The spiral develops without our recognising it, until one day our lives have changed.  We don’t acknowledge the thoughts that triggered the spiral as just passing thoughts, with lots of counter-balancing evidence. Being seen as unlikeable or friendless becomes the only ‘true’ thought. We don’t decide to turn down every invitation because there is a good reason to turn down that after work drink, that party, that catch up – but with every rejection it becomes more difficult to contemplate taking the risk of connecting with others. The more we turn away from others, the harder it becomes to engage and our loneliness increases. As it increases the negative thoughts that started the process are strengthened.

So how to get out of the loneliness spiral?

Research has shown that what affects our responses are two factors:

  1. Do we attribute events to us or the external situation?
  2. Do I see the situation as permanent or variable?

Attribution

Am I lonely because I am an unlikeable person, or because I have lost a friend that I gave more attention to than anyone else in my life, so I have reduced my friendship circle?

Am I lonely because no one cares about me in lockdown or because I refuse to engage in the video calls that my family are setting up?

 

Being able to apply attribution beyond the power or lack of power that we give ourselves allows for more options emerging.

 

Permanence

I am lonely because I am 30/40/50/60/70/80 and it will only get worse as I get older.

I am lonely because I am single and likely to stay that way.

 

Variability

I am lonely right now because I have moved to a new job in a new town.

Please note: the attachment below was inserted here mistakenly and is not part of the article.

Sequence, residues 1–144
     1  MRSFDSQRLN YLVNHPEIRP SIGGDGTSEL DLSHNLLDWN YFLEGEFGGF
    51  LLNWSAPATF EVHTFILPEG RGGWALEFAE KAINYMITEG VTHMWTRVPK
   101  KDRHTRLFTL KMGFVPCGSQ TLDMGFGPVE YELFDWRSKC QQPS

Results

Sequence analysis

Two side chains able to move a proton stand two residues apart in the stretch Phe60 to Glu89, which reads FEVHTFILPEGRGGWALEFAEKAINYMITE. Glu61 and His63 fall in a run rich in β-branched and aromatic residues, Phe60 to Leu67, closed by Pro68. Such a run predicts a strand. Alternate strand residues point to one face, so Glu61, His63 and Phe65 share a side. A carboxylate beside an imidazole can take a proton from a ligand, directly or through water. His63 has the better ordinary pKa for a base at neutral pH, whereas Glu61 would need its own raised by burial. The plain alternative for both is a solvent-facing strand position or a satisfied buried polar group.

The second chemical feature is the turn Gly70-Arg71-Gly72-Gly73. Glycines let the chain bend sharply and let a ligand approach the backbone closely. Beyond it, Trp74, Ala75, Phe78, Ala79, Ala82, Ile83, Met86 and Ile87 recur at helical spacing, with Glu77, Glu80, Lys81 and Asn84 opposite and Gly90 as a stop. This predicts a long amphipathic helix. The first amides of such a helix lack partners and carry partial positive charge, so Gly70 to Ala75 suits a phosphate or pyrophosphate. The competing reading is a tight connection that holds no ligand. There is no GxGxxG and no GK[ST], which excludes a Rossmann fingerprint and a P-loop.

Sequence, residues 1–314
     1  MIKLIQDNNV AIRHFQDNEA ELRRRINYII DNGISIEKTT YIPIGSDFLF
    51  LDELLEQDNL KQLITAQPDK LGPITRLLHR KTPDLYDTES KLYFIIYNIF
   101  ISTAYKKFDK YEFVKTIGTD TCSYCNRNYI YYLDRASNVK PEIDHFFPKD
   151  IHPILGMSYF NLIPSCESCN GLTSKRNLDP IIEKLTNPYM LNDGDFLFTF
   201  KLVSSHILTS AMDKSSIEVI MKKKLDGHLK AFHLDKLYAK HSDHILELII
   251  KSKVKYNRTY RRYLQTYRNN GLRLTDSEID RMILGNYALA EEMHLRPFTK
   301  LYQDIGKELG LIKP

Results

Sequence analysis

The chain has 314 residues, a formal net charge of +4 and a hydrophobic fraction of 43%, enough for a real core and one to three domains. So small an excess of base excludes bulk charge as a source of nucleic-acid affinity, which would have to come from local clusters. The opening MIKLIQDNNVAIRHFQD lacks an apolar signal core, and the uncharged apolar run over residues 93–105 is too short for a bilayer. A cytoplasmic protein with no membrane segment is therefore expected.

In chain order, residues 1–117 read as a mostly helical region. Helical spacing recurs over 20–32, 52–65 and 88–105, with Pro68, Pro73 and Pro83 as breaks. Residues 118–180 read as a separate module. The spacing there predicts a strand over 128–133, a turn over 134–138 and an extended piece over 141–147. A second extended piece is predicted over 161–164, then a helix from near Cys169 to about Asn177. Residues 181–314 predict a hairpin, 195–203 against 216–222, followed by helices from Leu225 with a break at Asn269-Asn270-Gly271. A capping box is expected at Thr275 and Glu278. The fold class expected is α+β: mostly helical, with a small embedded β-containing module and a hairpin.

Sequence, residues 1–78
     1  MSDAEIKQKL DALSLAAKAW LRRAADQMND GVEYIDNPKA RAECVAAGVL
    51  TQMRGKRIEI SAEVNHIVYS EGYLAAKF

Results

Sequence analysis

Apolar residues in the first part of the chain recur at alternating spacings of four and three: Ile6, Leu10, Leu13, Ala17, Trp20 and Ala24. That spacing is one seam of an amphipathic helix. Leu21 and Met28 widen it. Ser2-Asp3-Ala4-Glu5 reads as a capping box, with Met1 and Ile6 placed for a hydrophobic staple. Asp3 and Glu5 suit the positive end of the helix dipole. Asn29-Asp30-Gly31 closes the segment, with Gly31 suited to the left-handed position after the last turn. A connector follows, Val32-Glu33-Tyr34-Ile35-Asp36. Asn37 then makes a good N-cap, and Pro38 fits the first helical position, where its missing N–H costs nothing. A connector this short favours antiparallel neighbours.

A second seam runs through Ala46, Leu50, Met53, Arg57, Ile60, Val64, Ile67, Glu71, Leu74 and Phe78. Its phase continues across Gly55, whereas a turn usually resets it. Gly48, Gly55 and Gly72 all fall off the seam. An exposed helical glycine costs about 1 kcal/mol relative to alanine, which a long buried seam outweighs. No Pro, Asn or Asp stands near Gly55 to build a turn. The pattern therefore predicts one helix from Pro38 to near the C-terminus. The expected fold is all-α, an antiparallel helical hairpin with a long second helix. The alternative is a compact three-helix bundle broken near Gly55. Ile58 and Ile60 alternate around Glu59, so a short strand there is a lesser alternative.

I am lonely because I have lost one friendship that meant a lot to me.

 

Being able to differentiate between what is viewed as permanent and unchangeable, and what is the outcome of a particular situation impacting you at this moment in time, allows for the possibility that things can change.

 

The obvious solution

The obvious solution when feeling lonely is to ‘get our more’, to make connections, but that can feel like the hardest thing in the world to do.

So rather than starting on the outside with action, start by challenging the loneliness spiral.

 

The Loneliness Upward Spiral

 Allowing for the possibility of a different outcome starts with:

Noticing the thoughts and feelings you are carrying, rather than being  unconsciously controlled by them.

Testing – are they the absolute, undeniable truth, or is there any other evidence available to you. Even if there is some truth what else needs to be acknowledged.

Challenge Yourself – are there some other thoughts available to you, that does not mean polar opposite thoughts but thoughts which offer other possibilities.

Notice any Shift in feelings  when you produce alternative thoughts.

Magnify your attention on those new feelings and see if they allow for different behaviours being possible.

Find a Doable Action that follows from the shift in feelings.  An action that is within the boundaries of possibility for you at this time.

The outcome is a Reduction in the sense of loneliness on which you can build.

The power of the upward spiral is not that it asks you to do the things which a self-help book would tell you to do – and which will probably be obvious. Instead, it invites you to expand your lens so that you allow in more thoughts and feelings. When you allow in more data, it allows for the possibility that action is possible. It is then for you to decide the size of the action that is possible for you. Strengthening your loneliness upward spiral is a step by step process which starts with the smallest action you could imagine taking in the service of reducing your social or emotional loneliness. For my neighbour it was allowing me to do her shopping, so we could chat.

 

If you are feeling lonely right now work through both spirals to explore:

  • The thoughts and feelings which are contributing to your sense of loneliness and the behaviours that follow
  • The different thoughts and feelings that are available to you and the changed behaviour this will allow.
  • Step into taking a first  action in the service of reducing your loneliness.

With acknowledgement to The Psychology of Loneliness: Why It Matters and What We Can Do published by the Campaign to End Loneliness.